I felt the same way when I met Larry Collins, the captain of the Urban Search and Rescue Team at the Los Angeles County Fire Department. I was interviewing him for research for the character of firefighter Eric Hayes in GOOD SAM and PERFECTLY GOOD CRIME and he’d tell me of these times he and his crew put their lives on the line to save a stranger in swift water, an overturned car, or a collapsed mine. I was struck by the fact that he talked about these courageous acts with such humbleness, as though they were ordinary.

Have you experienced anything negative? Do you feel there are drawbacks to writing a book that starts such colossal conversation and change?

Sometimes people will tell me my worldview about kindness is “naïve” or “optimistic.” They’ll tell me a story that demonstrates that the world is a dangerous place. They’ll argue that people are inherently selfish and greedy. But even behind their arguments, I sense they are desperately seeking hope that they’re wrong. And I often provide that. I tell them about the UC Berkeley research that shows we’re wired for good, that we get a positive physical and chemical reaction in our brains when we help others and that when we witness someone helping someone else, we’re more likely to help others ourselves.

Anytime you talk about something that’s considered “soft” like kindness or compassion, you’ll always have a few people who might shrug and devalue it. But that’s because they don’t see that kindness and compassion are at the root of nearly all of the things they care about. A CEO friend of mine thought the kindness idea was “nice, but didn’t have staying power.” But you can’t have innovation, creativity and productivity in business without trust. And what are the seeds of trust? Kindness. Compassion. Understanding.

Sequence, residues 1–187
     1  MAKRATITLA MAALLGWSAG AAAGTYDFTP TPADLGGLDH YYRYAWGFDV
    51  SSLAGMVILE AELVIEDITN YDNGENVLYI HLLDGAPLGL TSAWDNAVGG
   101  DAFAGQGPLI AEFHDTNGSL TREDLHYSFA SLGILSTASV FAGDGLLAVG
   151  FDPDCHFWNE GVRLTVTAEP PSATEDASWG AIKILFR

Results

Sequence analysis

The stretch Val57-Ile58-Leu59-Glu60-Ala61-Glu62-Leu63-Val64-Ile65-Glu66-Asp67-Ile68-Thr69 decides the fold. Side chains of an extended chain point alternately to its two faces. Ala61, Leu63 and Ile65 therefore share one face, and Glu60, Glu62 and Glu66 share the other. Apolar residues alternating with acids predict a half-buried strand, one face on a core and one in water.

Can you articulate why you think books in particular have the power to create movements, revolutions, and true change?

There’s an intimacy between author and reader that’s there from start to finish. Unlike a film or TV series, there’s usually a singular voice and vision to a book which translates into an unrivaled and unique experience. But it’s not just the physical aspect of a book that creates movements and change — it’s story. Our ancestors used stories to pass down critical information and values from one generation to another, so our brains are wired for story. When we can get inside the head of characters who are discovering, deliberating, and deciding what to do in difficult situations, we are, in essence, programming our own brains to think differently and see the world from other people’s perspectives. And that can bring about real, lasting change.

What is the one habit you believe contributed the most to you becoming a bestselling writer?